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Thursday, February 15, 2024

Private Sector is committed to facilitate the Progress of CPEC

China and Pakistan have been vocal about dismissing the allegations leveled by US Ambassador Alice Wells. Trade leader Sheikh Humayun Saeed has stressed that the country’s private sector stands in support of CPEC, while the Chinese Foreign Ministry spokesperson dismissed Wells’ statements as a repetition of Washington’s persistent slander.

Sheikh Humayun Sayeed, former Vice President of FPCCI and Chairman of Hamara Pakistan, a socio-economic forum, has opposed the criticism by US Acting Assistant Secretary of State for South Asia Alice Wells on CPEC, in a recently released press statement.

He said that the US is wrong in its perception that CPEC will add more debt burden to Pakistan, in fact with the development of special economic zones, Pakistan will open its doors to foreign investments and trade for strategic economic development.

CPEC: Strategic Economic Development

Sayeed further stated that CPEC not only focuses on building roads and improving the rail network but also, it is focused on establishing people to people communication and it is the major driving force for overall economic and social development of the country.

He observed that the private sector of Pakistan with all clarity is confident that CPEC is a gateway to global security and economic prosperity in the entire region. He said, in his communication with the Ambassador of the People’s Republic of China, one cannot deny the historical significance of deep-rooted ties between Pakistan and the People’s Republic of China, which should be strengthened further without any interference from other countries.

Sayeed concluded, “Long live PakistanChina friendship!”

Old Slanders against CPEC & BRI

China and Pakistan have, on numerous occasions, dismissed Washington’s dubious observations on the outcomes of the China-Pakistan Economic Corridor and its impact on Pakistan’s economic situation. Addressing the weekly press briefing on Monday, Chinese Foreign Ministry’s spokesperson Geng Shuang observed that Alice Wells’ remarks are a “mere repetition of old slanders against China, the CPEC and the BRI like those chanted by some in the US.”

He observed that “some in the US still use the same script” and said that Washington has always adopted a negative stance on CPEC and Beijing’s wide-ranging Belt and Road Initiative (BRI). Shuang said, “They don’t stop though the show has become a complete disaster, and they don’t get off the stage even when booed by the audience.”

Explaining China’s commitments towards CPEC, Shuang stressed that China puts the interests of Pakistan first. He said, “First, in advancing CPEC development, China is committed to the principle of consultation and cooperation for shared benefits. We put Pakistani people’s interests first.”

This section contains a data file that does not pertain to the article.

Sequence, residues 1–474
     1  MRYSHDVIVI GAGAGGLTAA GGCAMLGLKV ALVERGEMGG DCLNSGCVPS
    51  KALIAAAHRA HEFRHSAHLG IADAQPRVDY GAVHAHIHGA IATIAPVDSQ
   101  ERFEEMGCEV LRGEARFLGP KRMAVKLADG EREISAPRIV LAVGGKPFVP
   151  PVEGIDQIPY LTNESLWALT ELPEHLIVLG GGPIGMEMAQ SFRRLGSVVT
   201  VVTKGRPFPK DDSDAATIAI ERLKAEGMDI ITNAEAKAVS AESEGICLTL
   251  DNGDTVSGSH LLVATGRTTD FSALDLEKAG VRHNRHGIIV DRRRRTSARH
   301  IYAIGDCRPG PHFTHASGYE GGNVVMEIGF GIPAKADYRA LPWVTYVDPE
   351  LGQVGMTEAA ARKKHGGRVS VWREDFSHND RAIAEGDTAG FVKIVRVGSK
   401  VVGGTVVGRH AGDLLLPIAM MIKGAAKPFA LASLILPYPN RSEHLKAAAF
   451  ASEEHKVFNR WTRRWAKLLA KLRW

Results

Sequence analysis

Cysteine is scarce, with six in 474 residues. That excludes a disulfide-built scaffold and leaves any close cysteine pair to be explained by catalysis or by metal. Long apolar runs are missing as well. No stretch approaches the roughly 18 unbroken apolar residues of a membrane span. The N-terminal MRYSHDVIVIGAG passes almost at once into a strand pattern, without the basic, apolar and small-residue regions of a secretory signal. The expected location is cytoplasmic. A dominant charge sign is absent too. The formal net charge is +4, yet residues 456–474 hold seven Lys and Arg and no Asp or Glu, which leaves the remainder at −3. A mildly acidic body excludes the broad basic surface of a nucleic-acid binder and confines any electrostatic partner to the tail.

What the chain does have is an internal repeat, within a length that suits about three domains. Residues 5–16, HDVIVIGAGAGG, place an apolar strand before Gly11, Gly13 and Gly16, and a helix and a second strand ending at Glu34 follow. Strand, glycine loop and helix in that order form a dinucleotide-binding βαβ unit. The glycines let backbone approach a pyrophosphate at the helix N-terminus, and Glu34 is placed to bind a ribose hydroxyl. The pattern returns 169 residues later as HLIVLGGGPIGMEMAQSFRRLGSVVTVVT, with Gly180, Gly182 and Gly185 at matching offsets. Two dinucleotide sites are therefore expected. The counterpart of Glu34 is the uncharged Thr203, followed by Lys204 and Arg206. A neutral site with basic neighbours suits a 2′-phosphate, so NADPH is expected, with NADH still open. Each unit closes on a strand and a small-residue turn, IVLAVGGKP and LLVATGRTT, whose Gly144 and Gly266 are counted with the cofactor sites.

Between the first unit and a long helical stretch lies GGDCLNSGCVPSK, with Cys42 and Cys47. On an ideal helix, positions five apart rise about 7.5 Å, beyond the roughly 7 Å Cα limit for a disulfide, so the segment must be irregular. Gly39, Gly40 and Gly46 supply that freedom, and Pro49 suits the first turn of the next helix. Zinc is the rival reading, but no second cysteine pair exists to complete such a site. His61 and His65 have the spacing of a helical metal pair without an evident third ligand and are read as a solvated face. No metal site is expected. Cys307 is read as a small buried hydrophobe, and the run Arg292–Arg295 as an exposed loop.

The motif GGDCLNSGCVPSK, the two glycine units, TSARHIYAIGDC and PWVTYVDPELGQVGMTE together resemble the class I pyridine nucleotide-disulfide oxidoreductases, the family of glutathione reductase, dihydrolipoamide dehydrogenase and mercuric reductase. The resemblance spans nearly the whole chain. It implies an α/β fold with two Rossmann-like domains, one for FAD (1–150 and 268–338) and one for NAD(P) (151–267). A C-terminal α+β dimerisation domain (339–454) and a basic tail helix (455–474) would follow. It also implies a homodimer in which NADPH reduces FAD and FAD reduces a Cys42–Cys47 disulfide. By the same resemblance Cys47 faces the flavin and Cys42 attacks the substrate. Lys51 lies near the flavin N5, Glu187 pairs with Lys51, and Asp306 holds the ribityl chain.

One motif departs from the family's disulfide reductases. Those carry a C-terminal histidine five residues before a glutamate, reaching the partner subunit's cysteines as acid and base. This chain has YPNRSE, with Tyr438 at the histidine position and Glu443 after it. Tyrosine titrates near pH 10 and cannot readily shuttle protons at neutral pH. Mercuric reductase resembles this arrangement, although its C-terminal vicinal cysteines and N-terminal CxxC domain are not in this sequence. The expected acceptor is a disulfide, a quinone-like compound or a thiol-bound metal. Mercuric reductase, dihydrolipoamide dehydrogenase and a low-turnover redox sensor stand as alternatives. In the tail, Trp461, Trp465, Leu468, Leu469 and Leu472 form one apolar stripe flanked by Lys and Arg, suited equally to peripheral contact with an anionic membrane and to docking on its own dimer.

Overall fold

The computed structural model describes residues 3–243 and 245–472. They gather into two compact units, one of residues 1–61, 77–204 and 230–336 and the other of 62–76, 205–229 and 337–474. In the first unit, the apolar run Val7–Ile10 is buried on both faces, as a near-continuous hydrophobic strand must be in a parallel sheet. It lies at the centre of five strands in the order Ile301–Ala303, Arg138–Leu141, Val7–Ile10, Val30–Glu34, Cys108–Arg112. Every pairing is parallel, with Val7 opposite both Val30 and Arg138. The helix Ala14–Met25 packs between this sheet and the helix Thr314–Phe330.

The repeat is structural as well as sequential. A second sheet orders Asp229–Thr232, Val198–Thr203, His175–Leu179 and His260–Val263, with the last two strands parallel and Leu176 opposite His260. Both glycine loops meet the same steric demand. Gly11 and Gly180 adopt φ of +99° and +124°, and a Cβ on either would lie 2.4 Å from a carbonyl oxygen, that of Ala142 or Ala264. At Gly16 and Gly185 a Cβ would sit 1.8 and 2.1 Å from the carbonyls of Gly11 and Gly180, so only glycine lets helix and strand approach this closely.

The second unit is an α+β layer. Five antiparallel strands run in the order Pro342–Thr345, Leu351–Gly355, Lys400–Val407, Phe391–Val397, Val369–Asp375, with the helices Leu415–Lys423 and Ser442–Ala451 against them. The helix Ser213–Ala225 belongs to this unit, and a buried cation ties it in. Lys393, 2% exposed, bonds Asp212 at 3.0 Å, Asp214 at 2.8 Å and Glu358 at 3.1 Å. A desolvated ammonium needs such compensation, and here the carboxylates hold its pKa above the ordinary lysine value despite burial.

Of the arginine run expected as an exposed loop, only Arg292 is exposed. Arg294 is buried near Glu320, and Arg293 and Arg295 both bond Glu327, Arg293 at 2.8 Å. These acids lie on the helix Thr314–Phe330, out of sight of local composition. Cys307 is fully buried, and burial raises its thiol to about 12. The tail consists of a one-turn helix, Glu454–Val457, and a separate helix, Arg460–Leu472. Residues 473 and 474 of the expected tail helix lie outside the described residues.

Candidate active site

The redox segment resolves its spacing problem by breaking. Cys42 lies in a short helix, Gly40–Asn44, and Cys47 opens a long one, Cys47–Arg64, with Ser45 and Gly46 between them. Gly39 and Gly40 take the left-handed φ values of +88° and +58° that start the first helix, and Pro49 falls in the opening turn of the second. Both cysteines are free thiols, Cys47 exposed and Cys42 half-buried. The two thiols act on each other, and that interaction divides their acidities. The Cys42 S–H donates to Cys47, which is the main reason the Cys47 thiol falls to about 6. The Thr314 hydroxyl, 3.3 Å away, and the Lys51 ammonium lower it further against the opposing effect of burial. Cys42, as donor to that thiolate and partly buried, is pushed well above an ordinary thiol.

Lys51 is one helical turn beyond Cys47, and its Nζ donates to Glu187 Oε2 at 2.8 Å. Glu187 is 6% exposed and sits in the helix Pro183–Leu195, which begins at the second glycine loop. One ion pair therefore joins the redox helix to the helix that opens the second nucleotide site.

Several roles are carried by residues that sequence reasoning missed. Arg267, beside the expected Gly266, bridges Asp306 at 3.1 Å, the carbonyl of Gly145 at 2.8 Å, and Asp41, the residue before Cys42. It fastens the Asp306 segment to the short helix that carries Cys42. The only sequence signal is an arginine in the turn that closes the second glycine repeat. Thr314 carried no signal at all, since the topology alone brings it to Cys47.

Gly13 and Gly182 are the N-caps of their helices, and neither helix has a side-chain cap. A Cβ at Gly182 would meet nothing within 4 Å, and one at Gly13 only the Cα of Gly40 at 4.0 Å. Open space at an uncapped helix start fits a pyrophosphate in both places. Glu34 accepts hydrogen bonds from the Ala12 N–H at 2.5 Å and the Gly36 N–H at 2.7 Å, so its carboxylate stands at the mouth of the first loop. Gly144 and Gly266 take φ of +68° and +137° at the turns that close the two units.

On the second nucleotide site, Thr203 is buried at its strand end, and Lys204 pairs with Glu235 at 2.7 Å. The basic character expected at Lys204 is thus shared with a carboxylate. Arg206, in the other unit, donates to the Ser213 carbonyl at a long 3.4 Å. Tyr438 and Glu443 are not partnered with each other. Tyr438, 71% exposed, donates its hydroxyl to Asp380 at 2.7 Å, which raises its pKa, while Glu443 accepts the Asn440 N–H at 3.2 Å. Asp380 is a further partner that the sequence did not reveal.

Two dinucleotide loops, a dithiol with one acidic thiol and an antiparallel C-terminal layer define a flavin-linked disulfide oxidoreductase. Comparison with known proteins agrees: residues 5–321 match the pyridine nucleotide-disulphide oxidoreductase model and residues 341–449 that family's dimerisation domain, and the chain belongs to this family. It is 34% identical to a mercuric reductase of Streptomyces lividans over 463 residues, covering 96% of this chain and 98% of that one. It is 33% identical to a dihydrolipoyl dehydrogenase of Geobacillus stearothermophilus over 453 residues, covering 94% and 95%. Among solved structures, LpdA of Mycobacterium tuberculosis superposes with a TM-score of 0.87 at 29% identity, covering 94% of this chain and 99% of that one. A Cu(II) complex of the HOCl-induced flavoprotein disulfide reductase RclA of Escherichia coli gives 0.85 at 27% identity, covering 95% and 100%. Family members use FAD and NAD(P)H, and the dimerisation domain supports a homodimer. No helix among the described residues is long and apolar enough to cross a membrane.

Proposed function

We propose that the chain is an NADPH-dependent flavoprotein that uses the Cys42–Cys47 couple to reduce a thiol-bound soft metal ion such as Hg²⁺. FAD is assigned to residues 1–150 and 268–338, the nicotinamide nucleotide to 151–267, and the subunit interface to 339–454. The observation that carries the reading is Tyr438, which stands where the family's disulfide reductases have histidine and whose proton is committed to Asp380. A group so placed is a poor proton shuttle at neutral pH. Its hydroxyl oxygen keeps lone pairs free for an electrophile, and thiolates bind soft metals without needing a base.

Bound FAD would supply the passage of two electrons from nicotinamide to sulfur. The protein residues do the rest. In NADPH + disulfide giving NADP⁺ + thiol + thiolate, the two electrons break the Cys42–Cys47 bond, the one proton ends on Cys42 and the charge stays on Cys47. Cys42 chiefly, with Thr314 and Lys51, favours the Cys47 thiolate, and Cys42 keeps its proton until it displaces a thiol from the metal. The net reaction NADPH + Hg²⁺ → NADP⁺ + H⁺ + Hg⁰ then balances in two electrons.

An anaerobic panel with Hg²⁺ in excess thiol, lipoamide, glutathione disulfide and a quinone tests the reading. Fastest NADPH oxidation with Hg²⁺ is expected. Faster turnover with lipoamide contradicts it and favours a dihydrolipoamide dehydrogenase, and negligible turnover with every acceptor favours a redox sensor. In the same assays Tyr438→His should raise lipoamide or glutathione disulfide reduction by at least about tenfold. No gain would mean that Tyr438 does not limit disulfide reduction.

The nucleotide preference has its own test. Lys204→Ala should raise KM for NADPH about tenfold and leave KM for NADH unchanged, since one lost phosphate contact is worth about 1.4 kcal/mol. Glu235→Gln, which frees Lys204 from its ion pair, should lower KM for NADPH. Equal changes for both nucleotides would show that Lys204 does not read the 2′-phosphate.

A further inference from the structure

“Major progress has been achieved in the past five years, with early harvests reaped in at least 22 projects. This has significantly improved local transportation infrastructure and power supply, created tens of thousands of jobs for Pakistanis and contributed one to two percent of economic growth in Pakistan.”

He observed that CPEC is playing an increasingly important role in boosting the socio-economic development of Pakistan and improving the livelihood of its people. “Whether the CPEC works and whether China-Pakistan cooperation is good or not, the answer is presented to you in facts and data.”

Read more: China is Pakistan’s all-weather friend: Shehbaz snubbed Alice Wells’ criticism on CPEC

Addressing the issue of debts raised by Alice Wells, the Chinese Foreign Ministry Spokesperson said, “Second, the US side, in total disregard of facts, has been talking all about the fabricated “debt issue” with the true aim to disrupt CPEC development and sow discord in China-Pakistan relations with malicious calculations.”

He explained, “As a matter of fact, half of Pakistan’s foreign debt is from multilateral financial institutions. More than 80 percent of CPEC projects are funded by direct investment or grants from China, with less than 20 percent using Chinese loans.”

“According to statistics released by the Pakistani side, debt incurred from the CPEC stands at 4.9 billion US dollars, less than one-tenth of Pakistan’s total debt. I’m afraid certain individuals in the US are not bad at math, but rather misguided by evil calculations.”

He argued that if Washington seeks to extend cooperation towards Pakistan and aid Islamabad in accelerating the pace of economic development, the US “should take concrete measures and honor its commitments instead of always paying lip service and being the spoiler.”

Geng Shuang stated, “It is neither healthy nor honorable to prevent others from delivering what one fails to.”

Read more: US warns Pakistan of risks from CPEC

Concluding his remarks, the Chinese Foreign Ministry spokesperson said, “Finally, whatever the US says or does to sabotage our cooperation, China will work with Pakistan for steady progress in the CPEC and in our all-weather strategic cooperative partnership to bring more benefits to the Pakistani people, to the region and beyond.”

Earlier in November, Alice Wells, US Principal Deputy Assistant Secretary for South and Central Asia, had cautioned that CPEC is likely to have adverse impacts for the economic growth of Pakistan and the livelihood of its people.

She observed, “CPEC almost always takes the form of burdensome loans or financing with Chinese state-owned enterprises and the Chinese government profiting. This is hardly the “peace and win-win cooperation” OBOR is supposed to facilitate.”

Numerous officials and politicians from China and Pakistan have refuted Washington’s observations on CPEC, cementing their commitment to fulfill the developments and obligations agreed under the agreements between the two all-weather partners.